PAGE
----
In BP Exploration v. Johnson, the plaintiff in a Deepwater Horizon case sued in Texas to enforce an alleged settlement agreement. No. 12-20512 (Aug. 8, 2013, unpublished). BP asked the MDL panel to consolidate the case with the other Deepwater Horizon matters in the Eastern District of Louisiana. Before the panel could rule, however, the Texas judge asked for summary judgment briefing and granted summary judgment to the defense on the ground that no agreement had been created. The Fifth Circuit vacated the judgment and remanded with instructions to transfer to the MDL case, noting the complexity of the Deepwater Horizon litigation, and more generally: “It is typical in such scenarios for the court before which the tort claims are pending to determine whether a binding settlement agreement has arisen, as that court is already familiar with the parties and the claims and the proceedings.”
“Mandamus petitions from the Marshall Division are no strangers to the federal courts of appeals.” In re Radmax, Ltd., No. 13-40462 (June 18, 2013). In Radmax, the Fifth Circuit found a clear abuse of discretion in declining to transfer a case from the Marshall Division of the Eastern District of Texas to the Tyler Division. It found that the district court incorrectly applied the eight relevant 1404(a) factors, giving undue weight to potential delay and not enough weight to witness inconvenience, and quoting Moore’s Federal Practice for the principle that “‘the traditional deference given to plaintiff’s choice of forum . . . is less’ for intra-district transfers.” Accordingly the Court granted mandamus pursuant to In re Volkswagen, 545 F.3d 304 (5th Cir. 2008) (en banc). A pointed dissent agreed that the 1404(a) factors favored transfer but saw no clear abuse of discretion, noting that there was no clear Fifth Circuit authority on several of the points at issue in the context of intra-district transfers. “The majority persuasively fills those doctrinal gaps with citations to Moore’s Federal Practice; that treatise may prove convincing, but it is not binding law.”
The Supreme Court has granted certiorari in the case of In re Atlantic Marine Construction, 701 F.3d 736 (5th Cir. 2012), which declined to grant mandamus relief to enforce a forum selection clause. The questions for review indicate that the Court plans to resolve a circuit split about the standard for enforcement of a forum selection clause, when the forum of suit would otherwise be proper under the federal venue statutes. One view uses the test for “improper venue,” while another analyzes the issue under a 1404(a) convenience framework.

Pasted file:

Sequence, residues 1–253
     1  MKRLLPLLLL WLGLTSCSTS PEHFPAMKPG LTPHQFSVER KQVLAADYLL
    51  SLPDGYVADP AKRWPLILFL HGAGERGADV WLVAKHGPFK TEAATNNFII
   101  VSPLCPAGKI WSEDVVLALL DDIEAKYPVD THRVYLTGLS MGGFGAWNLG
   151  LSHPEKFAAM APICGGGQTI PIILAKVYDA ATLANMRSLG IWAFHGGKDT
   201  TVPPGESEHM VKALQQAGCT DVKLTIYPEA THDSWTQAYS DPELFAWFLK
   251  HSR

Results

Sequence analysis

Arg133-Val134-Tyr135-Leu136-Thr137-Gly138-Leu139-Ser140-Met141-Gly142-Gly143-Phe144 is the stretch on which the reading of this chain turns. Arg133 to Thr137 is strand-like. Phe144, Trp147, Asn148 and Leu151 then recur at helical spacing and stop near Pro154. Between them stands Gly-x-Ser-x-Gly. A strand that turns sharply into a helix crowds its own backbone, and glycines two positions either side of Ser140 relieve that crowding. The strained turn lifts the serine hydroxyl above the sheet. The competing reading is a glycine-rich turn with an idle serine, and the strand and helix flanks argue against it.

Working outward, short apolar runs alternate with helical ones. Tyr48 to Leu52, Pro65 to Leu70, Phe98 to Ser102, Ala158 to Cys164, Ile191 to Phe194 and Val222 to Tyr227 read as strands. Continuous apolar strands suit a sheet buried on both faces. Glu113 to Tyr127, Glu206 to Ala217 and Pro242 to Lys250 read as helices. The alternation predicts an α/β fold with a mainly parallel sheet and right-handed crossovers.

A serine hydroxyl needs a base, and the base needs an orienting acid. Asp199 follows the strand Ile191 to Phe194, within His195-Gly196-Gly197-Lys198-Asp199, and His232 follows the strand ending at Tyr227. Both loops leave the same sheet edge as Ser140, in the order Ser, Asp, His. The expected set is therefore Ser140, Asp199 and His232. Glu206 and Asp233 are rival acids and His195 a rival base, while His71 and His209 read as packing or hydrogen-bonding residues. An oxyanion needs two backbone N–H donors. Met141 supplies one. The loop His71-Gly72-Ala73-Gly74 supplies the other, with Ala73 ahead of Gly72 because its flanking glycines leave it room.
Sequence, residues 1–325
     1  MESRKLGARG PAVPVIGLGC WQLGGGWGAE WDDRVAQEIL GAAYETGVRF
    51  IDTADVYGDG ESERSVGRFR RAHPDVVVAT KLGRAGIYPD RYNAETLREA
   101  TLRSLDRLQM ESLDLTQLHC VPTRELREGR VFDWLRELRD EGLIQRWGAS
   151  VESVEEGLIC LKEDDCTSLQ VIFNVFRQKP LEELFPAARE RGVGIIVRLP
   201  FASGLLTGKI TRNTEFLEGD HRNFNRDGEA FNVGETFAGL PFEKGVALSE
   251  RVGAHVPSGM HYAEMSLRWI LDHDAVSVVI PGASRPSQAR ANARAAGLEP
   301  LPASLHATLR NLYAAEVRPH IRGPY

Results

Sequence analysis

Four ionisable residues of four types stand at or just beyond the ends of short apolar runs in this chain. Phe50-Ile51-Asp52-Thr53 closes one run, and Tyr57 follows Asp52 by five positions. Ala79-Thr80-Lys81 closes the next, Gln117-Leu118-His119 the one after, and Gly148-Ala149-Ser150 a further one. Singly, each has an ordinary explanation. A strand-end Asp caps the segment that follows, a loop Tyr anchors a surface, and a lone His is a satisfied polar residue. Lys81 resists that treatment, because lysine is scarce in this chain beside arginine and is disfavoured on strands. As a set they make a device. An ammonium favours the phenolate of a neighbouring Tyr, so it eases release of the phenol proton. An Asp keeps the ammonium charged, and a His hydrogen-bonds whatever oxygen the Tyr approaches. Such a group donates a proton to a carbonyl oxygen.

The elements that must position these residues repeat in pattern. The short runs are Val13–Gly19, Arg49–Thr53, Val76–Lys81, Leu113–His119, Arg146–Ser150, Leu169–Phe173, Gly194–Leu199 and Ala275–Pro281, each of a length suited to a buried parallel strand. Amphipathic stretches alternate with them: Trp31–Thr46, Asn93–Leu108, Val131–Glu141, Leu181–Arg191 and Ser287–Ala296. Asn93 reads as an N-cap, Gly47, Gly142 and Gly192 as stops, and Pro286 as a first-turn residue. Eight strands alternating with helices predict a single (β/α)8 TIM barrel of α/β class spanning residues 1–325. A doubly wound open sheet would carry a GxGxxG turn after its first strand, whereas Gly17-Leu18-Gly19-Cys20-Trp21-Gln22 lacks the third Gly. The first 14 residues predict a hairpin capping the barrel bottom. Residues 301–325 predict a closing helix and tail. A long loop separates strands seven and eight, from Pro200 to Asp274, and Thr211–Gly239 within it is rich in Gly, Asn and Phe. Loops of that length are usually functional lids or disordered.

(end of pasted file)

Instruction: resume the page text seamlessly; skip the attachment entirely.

A creditor successfully made a “credit bid” under the Bankruptcy Code for assets of a failed golf resort. Litigation followed between the creditor and guarantors of the debt, ending with a terse summary judgment order for the guarantors: “This is not rocket science. The Senior Loan has been PAID!!!!” Fire Eagle LLC v. Bischoff, No. 11-51057 (Feb. 28, 2013). The Fifth Circuit affirmed in all respects, holding: (1) the bankruptcy court had jurisdiction over the dispute with the guarantors because it had a “conceivable effect” on the estate; (2) the issue of the effect of the credit bid was within core jurisdiction and did not raise a Stern v. Marshall issue; (3) core jurisdiction trumped a forum selection clause on the facts of this case; (4) a transfer into the bankruptcy court based on the first-to-file rule was proper; and (5) the creditor’s bid extinguished the debt. On the last holding, the Court noted that the section of the Code allowing the credit bid did not provide for fair-market valuation of the assets, unlike other Code provisions.
In re Atlantic Marine Construction denied a mandamus petition about enforcement of a forum selection clause, finding no “clear abuse of discretion.” No. 12-50826 (Nov. 19, 2012). The majority and specially concurring opinions exchanged detailed views on whether Fed. R. Civ. P. 12(b)(3) or 28 U.S.C. § 1404(a) controls a forum selection issue when the parties did not select state law to govern enforcement of the clause and venue would otherwise be proper in the district of suit. The majority opinion reflects a continuing conservatism in recent mandamus cases after 2008’s en banc Volkswagen opinion.
In National Union v. American Eurocopter, a contribution suit arising from settlement of claims about a helicopter crash, a Hawaii district court found no personal jurisdiction and transferred venue to Texas. No. 11-10798 (Aug. 27, 2012). The appellant challenged that ruling, and the Fifth Circuit held that it lacked jurisdiction over that issue. Id at 4 (quoting 28 U.S.C. § 1294, defining appellate jurisdiction as reaching “appeals . . . [f]rom a district court of the United States to the court of appeals for the circuit embracing the district”). On the merits, the Court affirmed a dispositive choice-of-law ruling for Texas law, noting a Texas choice-of-law provision in a relevant contract, a rough balance between the place of the accident (Hawaii) and the defendants’ headquarters (Texas), and the relatively weak interest of an out-of-state insurer. Id. at 5-7 (noting Beech Aircraft v. Jinkins, 739 S.W.2d 19 (Tex. 1987)).